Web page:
True to its title, A Black Women's History of the United States is a great resource on the subject-matter. Truthfully, I picked up this copy for a work-related book club, and am now actually using it a source for other work projects centering on American history and gender equity. Truly, it's a solid piece of research. Perhaps my favorite element of this book, is how it tackles early history of black women in the United States. Popular historical literature tends to be sparse when it comes to eth True to its title, A Black Women's History of the United States is a great resource on the subject-matter. Truthfully, I picked up this copy for a work-related book club, and am now actually using it a source for other work projects centering on American history and gender equity. Truly, it's a solid piece of research. Perhaps my favorite element of this book, is how it tackles early history of black women in the United States. Popular historical literature tends to be sparse when it comes to ethnic minorities in general prior to the 1800s, and I have seen this all too often used as an excuse by a number of historical sites to exclude or brush over critical histories. What Daina Ramey Berry and Kali Nicole Gross do exceptionally well, can be seen with their analysis of early black women’s stories in America. In the face of sparse archival information, when forming narrative history the two fill-in the blanks, so-to-speak, with really good questions. This is by no means to be confused with bold speculations. Rather, after providing factually-based context, the two then expand the conversation of different individual’s experiences with questions geared towards building understanding and challenging pre-existing narratives derived from, in some cases, the same evidence. This is a really solid read; my only critique would be that I wish they wrote more. Each chapter evaluates a time period, and centers its narrative around (at least) one woman’s experience during that time period. There is a great deal that can be learned from these stories, both for historical knowledge, as well as general life lessons. This book definitely has my recommendation.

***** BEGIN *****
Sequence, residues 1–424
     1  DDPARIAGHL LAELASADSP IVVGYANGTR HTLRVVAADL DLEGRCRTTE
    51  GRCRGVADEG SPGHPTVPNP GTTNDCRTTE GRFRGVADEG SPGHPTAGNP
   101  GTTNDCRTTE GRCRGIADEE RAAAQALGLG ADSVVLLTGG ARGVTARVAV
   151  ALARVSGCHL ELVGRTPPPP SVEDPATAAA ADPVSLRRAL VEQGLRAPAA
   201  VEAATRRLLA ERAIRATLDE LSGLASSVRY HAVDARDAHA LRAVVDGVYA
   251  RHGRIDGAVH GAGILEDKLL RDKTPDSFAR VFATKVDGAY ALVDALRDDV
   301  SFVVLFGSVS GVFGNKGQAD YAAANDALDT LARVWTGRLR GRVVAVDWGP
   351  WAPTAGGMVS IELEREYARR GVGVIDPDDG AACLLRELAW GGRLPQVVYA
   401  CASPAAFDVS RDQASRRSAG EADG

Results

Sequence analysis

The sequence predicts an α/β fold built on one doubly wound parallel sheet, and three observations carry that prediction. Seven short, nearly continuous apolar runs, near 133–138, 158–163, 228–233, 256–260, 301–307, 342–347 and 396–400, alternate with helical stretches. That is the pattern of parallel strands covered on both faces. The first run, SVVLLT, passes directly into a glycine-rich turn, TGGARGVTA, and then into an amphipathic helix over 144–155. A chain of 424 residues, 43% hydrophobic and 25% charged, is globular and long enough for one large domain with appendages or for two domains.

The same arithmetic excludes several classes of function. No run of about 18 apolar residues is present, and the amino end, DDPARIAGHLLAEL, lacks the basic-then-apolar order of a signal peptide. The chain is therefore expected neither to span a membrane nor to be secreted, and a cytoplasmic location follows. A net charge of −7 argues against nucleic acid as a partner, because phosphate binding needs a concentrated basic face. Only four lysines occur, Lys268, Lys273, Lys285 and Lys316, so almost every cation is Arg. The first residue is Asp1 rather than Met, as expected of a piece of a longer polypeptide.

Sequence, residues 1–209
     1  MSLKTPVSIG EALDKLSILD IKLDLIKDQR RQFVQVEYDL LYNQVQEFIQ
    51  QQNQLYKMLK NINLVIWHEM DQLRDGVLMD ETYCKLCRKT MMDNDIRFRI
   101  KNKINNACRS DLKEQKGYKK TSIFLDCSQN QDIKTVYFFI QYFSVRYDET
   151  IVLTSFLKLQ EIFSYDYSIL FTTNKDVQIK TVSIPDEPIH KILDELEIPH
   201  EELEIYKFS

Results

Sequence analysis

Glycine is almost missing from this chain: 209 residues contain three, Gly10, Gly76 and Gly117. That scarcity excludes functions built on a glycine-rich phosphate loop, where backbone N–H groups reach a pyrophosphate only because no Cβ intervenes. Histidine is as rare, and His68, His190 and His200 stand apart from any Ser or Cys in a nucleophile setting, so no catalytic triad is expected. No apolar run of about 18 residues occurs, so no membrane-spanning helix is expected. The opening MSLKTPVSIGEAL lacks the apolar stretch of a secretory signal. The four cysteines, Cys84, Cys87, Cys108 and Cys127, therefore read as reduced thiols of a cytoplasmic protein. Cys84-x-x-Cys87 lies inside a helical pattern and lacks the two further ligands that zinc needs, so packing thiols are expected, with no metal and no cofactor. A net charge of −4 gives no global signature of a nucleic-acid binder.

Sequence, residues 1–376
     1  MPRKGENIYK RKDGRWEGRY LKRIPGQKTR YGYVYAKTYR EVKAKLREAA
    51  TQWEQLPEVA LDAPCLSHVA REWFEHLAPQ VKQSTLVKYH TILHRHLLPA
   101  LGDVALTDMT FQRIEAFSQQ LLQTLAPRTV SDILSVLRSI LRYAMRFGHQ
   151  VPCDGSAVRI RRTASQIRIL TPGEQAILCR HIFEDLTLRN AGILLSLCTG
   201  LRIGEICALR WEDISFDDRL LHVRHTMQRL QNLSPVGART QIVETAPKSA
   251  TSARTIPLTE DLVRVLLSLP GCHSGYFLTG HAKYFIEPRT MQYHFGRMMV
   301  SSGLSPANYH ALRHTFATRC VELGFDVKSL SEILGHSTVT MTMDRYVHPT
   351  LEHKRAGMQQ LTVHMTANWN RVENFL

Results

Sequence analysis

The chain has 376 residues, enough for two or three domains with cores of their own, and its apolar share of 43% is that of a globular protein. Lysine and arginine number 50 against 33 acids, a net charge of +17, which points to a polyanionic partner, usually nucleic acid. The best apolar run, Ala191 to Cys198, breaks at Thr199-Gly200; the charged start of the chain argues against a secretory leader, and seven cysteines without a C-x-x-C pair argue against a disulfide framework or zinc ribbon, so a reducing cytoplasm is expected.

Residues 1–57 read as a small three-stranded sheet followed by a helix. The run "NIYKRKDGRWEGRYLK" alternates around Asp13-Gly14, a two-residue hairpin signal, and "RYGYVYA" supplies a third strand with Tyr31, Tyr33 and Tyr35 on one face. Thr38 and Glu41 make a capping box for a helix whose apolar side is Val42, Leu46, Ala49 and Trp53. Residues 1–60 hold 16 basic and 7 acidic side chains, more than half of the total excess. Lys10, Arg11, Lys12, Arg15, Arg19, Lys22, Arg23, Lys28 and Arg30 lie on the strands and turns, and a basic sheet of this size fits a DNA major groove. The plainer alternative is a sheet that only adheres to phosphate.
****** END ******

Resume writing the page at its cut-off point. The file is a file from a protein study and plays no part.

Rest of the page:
10. 4 out of 5